_
d
+
dt
+
d
dt
_
i
2
_
d
+
dt
d
dt
_
. (47)
18
Applying this operator to the dierentiable part of the position vector yields a complex
velocity
V =
d
dt
x(t) = V iU =
v
+
+ v
2
i
v
+
v
2
. (48)
In order to nd the expression for the complex time derivative operator, let us rst
calculate the derivative of a scalar function f. Since the fractal dimension is 2, one needs
to go to second order of expansion. For one variable it reads
df
dt
=
f
t
+
f
X
dX
dt
+
1
2
2
f
X
2
dX
2
dt
. (49)
The generalization of this writing to three dimensions is straighforward.
Let us now take the stochastic mean of this expression, i.e., we take the mean on the
stochastic variables
. By
denition, since dX = dx+d and <d>= 0, we have <dX>= dx, so that the second term
is reduced (in 3 dimensions) to v.f. Now concerning the term dX
2
/dt, it is innitesimal
and therefore it would not be taken into account in the standard dierentiable case. But in
the nondierentiable case considered here, the mean square uctuation is nonvanishing
and of order dt, namely, <d
2
>= 2Ddt, so that the last term of Eq. (49) amounts in
three dimensions to a Laplacian operator. One obtains, respectively for the (+) and ()
processes,
d
f
dt
=
_
t
+ v
.D
_
f . (50)
Finally, by combining these two derivatives in terms of the complex derivative of Eq. (47),
it reads [69]
d
dt
=
t
+V.iD. (51)
Under this form, this expression is not fully covariant [111], since it involves derivatives
of the second order, so that its Leibniz rule is a linear combination of the rst and second
order Leibniz rules. By introducing the velocity operator [89]
V = V iD, (52)
it may be given a fully covariant expression,
d
dt
=
t
+
V., (53)
namely, under this form it satises the rst order Leibniz rule for partial derivatives.
We shall now see that
d/dt plays the role of a covariant derivative operator (in
analogy with the covariant derivative of general relativity), namely, one may write in its
terms the equation of physics in a nondierentiable space under a strongly covariant form
identical to the dierentiable case.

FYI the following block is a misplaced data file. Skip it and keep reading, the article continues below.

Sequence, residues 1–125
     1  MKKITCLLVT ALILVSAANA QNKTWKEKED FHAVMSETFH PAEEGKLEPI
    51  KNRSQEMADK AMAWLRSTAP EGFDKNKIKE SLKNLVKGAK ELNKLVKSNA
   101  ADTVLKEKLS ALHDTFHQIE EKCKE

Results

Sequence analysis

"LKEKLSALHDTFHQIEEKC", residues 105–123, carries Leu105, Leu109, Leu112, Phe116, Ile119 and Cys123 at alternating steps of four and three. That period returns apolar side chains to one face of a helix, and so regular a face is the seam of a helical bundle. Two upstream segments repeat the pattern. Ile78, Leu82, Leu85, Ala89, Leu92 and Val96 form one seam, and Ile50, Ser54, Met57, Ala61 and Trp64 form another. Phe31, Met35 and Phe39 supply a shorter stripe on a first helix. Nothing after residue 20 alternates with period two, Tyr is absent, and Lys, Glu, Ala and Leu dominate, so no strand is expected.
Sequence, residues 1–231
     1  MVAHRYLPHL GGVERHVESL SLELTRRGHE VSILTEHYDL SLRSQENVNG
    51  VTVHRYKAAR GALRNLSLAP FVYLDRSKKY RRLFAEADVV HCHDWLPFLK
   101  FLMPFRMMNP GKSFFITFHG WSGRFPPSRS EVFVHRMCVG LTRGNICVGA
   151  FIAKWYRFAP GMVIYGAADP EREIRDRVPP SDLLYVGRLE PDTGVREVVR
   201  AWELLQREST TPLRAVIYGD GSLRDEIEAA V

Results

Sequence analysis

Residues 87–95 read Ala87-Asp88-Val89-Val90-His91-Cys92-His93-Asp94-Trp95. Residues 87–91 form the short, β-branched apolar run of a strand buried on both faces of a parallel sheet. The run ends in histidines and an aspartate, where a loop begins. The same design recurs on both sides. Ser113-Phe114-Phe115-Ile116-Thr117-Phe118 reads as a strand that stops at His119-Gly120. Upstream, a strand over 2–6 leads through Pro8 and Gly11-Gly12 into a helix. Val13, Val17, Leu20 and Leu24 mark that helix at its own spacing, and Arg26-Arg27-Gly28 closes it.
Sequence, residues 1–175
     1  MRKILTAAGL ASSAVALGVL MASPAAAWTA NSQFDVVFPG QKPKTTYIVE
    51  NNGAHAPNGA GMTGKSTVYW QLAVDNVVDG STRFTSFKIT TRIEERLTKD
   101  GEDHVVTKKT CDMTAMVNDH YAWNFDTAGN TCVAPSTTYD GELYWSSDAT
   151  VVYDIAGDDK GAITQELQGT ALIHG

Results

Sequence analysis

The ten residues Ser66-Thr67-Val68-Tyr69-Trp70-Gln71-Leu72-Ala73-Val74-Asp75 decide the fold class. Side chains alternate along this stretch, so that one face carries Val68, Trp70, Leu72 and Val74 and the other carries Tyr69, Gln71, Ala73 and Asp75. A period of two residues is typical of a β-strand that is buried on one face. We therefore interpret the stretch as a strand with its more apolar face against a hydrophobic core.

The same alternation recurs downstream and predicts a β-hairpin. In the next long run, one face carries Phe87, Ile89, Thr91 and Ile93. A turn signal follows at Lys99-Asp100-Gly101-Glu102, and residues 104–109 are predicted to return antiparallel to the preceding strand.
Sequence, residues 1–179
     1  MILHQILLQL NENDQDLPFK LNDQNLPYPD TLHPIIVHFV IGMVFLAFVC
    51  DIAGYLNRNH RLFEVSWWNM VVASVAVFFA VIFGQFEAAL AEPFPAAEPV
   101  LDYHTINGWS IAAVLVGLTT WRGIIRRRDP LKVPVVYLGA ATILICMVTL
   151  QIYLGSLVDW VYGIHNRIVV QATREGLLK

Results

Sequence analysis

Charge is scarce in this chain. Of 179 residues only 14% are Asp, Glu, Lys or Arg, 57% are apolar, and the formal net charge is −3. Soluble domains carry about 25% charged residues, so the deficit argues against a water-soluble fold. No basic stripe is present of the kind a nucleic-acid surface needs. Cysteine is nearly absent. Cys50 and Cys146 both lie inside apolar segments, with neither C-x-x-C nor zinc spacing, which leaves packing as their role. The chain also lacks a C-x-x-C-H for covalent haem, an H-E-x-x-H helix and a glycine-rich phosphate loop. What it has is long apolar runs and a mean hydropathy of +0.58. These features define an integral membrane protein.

19
2.3.5 Complex action and momentum
The steps of construction of classical mechanics can now be followed, but in terms of
complex and scale dependent quantities. One denes a Lagrange function that keeps its
usual form, L(x, V, t), but which is now complex, then a generalized complex action
S =
_
t
2
t
1
L(x, V, t)dt. (54)
Generalized EulerLagrange equations that keep their standard form in terms of the new
complex variables can be derived from this action [69, 17], namely
d
dt
L
V
L
x
= 0. (55)
From the homogeneity of space and Noethers theorem, one denes a generalized complex
momentum given by the same form as in classical mechanics, namely,
P =
L
V
. (56)
If the action is now considered as a function of the upper limit of integration in Eq. (54),
the variation of the action from a trajectory to another nearby trajectory yields a gener
alization of another wellknown relation of classical mechanics,
P = S. (57)
2.3.6 Motion equation
Consider, as an example, the case of a single particle in an external scalar eld of poten
tial energy (but the method can be applied to any situation described by a Lagrange
function). The Lagrange function , L =
1
2
mv
2
, is generalized as L(x, V, t) =
1
2
mV
2
.
The EulerLagrange equations then keep the form of Newtons fundamental equation of
dynamics F = mdv/dt, namely,
m
d
dt
V = , (58)
which is now written in terms of complex variables and complex operators.
In the case when there is no external eld ( = 0), the covariance is explicit, since
Eq. (58) takes the free form of the equation of inertial motion, i.e., of a geodesic equation,
d
dt
V = 0. (59)
20
This is analog to Einsteins general relativity, where the equivalence principle leads to
write the covariant equation of motion of a free particle under the form of an inertial
motion (geodesic) equation Du
d S
dt
=
S
t
+
V.S . (66)
Since P = S and H = S/t, one obtains for the generalized complex Hamilton
function the same form it has in classical mechanics, namely [103, 96],
H =
V.P L . (67)
After expansion of the velocity operator, one obtains H = V.P iD.P L, which